Messier 95

From Wikipedia, the free encyclopedia
Jump to navigation Jump to search

Messier 95
Messier95 spitzer.jpg
M95. Credit: NASA
Observation data (J2000 epoch)
Right ascension10h 43m 57.7s[1]
Declination+11° 42′ 14″[1]
Redshift778 ± 4 km/s[1]
Distance32.6 ± 1.4 Mly (10.0 ± 0.4 Mpc)[2]
Apparent magnitude (V)11.4[1]
Apparent size (V)3′.1 × 2′.9[1]
Other designations
NGC 3351,[1] UGC 5850,[1] PGC 32007[1]
See also: Galaxy, List of galaxies

Messier 95, also known as M95 or NGC 3351, is a barred spiral galaxy located about 38 million light-years away in the zodiac constellation Leo. It was discovered by Pierre Méchain in 1781, and catalogued by fellow French astronomer Charles Messier four days later. On 16 March 2012, a supernova was discovered in M95.

The galaxy has a morphological classification of SB(r)b,[1] with the SBb notation indicating it is a barred spiral with arms that are intermediate on the scale from tightly to loosely wound, and an '(r)' meaning an inner ring surrounds the bar.[3] The latter is a ring-shaped, circumnuclear star-forming region with a diameter of approximately 2,000 light-years (610 pc).[4] The spiral structure extends outward from the ring.[3]

The ring structure of M95 has a mass of 3.5×108 M in molecular gas and a star formation rate of 0.38 M yr−1. The star formation is occurring in at least five regions with diameters between 100 and 150 pc that are composed of several star clusters ranging in size from 1.7 to 4.9 pc. These individual clusters contain (1.8–8.7)×106 M of stars, and may be on the path to forming globular clusters.[5]

Galaxy group information[edit]

M95 is one of several galaxies within the M96 Group, a group of galaxies in the constellation Leo. The group also includes the Messier objects M96 and M105.[6][7][8][9]


Hubble Space Telescope image of Messier 95.[10]

A Type II supernova, designated as SN 2012aw, was discovered in M95 on 16 March 2012.[11][12][13] The light curve of the supernova displayed a significant flattening after 27 days, thus classifying it as a Type II-P, or "plateau", core-collapse supernova.[14] The disappearance of the progenitor star was later confirmed from near-infrared imaging of the region. The brightness of the presumed red supergiant progenitor allowed its mass to be estimated as 12.5±1.5 M.[15]


  1. ^ a b c d e f g h i j "NASA/IPAC Extragalactic Database". Results for NGC 3351. Retrieved 2007-10-03.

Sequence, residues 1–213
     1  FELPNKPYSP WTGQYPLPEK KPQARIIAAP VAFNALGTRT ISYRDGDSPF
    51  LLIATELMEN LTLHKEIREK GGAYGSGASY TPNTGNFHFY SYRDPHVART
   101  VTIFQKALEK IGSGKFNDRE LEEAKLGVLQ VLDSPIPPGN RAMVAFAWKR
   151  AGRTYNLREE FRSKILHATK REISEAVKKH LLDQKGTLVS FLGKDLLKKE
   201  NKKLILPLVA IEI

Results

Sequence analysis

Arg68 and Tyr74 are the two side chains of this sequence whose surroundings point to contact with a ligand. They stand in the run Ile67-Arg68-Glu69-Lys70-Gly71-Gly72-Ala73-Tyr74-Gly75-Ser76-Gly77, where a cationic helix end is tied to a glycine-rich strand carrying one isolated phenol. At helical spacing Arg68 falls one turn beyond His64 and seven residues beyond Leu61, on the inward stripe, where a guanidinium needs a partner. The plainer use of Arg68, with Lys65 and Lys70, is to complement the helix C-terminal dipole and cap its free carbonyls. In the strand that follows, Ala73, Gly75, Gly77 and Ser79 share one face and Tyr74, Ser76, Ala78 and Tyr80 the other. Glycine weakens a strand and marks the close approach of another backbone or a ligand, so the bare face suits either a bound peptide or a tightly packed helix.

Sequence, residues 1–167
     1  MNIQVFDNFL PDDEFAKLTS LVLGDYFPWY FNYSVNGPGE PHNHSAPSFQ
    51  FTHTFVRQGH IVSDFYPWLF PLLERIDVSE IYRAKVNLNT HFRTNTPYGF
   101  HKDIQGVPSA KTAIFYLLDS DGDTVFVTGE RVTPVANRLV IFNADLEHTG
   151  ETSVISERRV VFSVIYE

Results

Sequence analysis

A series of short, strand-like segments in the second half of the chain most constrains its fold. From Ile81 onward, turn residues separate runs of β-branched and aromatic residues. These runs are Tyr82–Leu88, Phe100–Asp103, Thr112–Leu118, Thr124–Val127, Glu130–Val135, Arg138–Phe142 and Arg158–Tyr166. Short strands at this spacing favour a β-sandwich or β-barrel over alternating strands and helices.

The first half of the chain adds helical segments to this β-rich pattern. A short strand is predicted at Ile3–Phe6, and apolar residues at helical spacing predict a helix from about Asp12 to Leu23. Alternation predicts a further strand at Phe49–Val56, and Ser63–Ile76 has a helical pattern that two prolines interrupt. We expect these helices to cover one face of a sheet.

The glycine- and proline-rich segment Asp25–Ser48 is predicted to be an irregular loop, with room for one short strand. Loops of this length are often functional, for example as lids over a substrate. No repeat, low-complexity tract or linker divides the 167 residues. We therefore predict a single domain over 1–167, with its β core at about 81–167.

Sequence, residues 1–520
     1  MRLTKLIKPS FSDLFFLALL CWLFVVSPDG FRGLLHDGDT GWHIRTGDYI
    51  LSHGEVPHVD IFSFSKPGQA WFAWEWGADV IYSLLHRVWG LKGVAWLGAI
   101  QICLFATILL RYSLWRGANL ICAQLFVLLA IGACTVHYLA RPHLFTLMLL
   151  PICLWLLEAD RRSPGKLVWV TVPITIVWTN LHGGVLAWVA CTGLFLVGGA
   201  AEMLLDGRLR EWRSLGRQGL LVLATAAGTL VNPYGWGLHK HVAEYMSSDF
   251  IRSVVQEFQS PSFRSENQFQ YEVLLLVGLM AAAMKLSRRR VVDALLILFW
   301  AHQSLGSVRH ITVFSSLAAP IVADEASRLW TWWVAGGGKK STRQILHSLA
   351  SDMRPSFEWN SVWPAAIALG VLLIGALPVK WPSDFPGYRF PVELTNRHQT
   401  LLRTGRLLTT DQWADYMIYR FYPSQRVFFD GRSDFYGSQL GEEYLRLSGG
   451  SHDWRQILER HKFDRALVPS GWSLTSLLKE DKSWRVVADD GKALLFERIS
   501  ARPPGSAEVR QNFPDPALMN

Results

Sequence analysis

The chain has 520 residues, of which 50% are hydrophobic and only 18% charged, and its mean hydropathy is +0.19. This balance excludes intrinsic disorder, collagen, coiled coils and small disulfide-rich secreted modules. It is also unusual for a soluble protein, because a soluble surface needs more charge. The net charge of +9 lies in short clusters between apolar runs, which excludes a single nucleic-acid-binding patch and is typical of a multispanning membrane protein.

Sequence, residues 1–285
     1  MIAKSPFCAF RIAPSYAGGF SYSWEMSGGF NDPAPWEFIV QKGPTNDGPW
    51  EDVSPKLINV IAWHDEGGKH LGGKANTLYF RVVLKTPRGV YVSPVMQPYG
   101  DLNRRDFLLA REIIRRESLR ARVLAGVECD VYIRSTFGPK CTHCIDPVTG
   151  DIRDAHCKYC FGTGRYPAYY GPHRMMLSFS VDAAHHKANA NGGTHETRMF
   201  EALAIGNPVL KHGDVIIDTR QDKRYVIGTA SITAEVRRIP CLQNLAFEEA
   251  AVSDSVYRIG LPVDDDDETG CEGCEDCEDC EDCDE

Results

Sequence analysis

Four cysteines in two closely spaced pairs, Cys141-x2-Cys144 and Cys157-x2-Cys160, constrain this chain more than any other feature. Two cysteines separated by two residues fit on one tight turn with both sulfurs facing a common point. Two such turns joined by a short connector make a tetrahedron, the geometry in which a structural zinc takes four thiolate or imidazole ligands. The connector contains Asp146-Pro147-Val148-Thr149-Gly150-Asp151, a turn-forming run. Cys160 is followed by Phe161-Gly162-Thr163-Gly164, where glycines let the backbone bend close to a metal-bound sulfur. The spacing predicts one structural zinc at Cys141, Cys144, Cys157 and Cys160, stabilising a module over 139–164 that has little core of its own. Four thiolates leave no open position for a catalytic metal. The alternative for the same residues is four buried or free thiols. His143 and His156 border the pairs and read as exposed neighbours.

2. ^ Jensen, Joseph B.; Tonry, John L.; Barris, Brian J.; Thompson, Rodger I.; et al. (2003). "Measuring Distances and Probing the Unresolved Stellar Populations of Galaxies Using Infrared Surface Brightness Fluctuations". Astrophysical Journal. 583 (2): 712–726. arXiv:astro-ph/0210129. Bibcode:2003ApJ...583..712J. doi:10.1086/345430.
  3. ^ a b Buta, Ronald J.; et al. (2007), Atlas of Galaxies, Cambridge University Press, pp. 1−25, ISBN 0521820480.
  4. ^ Colina, L.; Garcia Vargas, M. L.; Mas-Hesse, J. M.; Alberdi, A.; Krabbe, A. (1997). "Nuclear Star-forming Structures and the Starburst–Active Galactic Nucleus Connection in Barred Spirals NGC 3351 and NGC 4303". Astrophysical Journal Letters. 484 (1): L41–L45. Bibcode:1997ApJ...484L..41C. doi:10.1086/310766.
  5. ^ Hägele, Guillermo F.; et al. (June 2007), "Kinematics of gas and stars in the circumnuclear star-forming ring of NGC3351", Monthly Notices of the Royal Astronomical Society, 378 (1): 163−178, arXiv:astro-ph/0703140, Bibcode:2007MNRAS.378..163H, doi:10.1111/j.1365-2966.2007.11751.x
  6. ^ Tully, R. B. (1988). Nearby Galaxies Catalog. Cambridge University Press. ISBN 0-521-35299-1.
  7. ^ Fouque, P.; Gourgoulhon, E.; Chamaraux, P.; Paturel, G. (1992). "Groups of galaxies within 80 Mpc. II – The catalogue of groups and group members". Astronomy and Astrophysics Supplement. 93: 211–233. Bibcode:1992A&AS...93..211F.
  8. ^ Garcia, A. (1993). "General study of group membership. II – Determination of nearby groups". Astronomy and Astrophysics Supplement. 100: 47–90. Bibcode:1993A&AS..100...47G.
  9. ^ Giuricin, G.; et al. (2000). "Nearby Optical Galaxies: Selection of the Sample and Identification of Groups". Astrophysical Journal. 543 (1): 178–194. arXiv:astro-ph/0001140. Bibcode:2000ApJ...543..178G. doi:10.1086/317070.
  10. ^ "Rings upon rings". Retrieved 8 October 2018.
  11. ^ "Deep Sky Videos". Retrieved 19 March 2012.
  12. ^ "Supernova 2012aw: the pictures!". Retrieved 19 March 2012.
  13. ^ "List of Recent Supernovae". Retrieved 8 April 2012.
  14. ^ Bayless, Amanda J.; et al. (February 2013), "The Long-lived UV "Plateau" of SN 2012aw", The Astrophysical Journal Letters, 764 (1): 6, arXiv:1210.5496, Bibcode:2013ApJ...764L..13B, doi:10.1088/2041-8205/764/1/L13, L13.
  15. ^ Fraser, Morgan (February 2016), "The disappearance of the progenitor of SN 2012aw in late-time imaging", Monthly Notices of the Royal Astronomical Society: Letters, 456 (1): L16−L19, arXiv:1507.06579, Bibcode:2016MNRAS.456L..16F, doi:10.1093/mnrasl/slv168.

External links[edit]

Coordinates: Sky map 10h 43m 57.7s, +11° 42′ 14″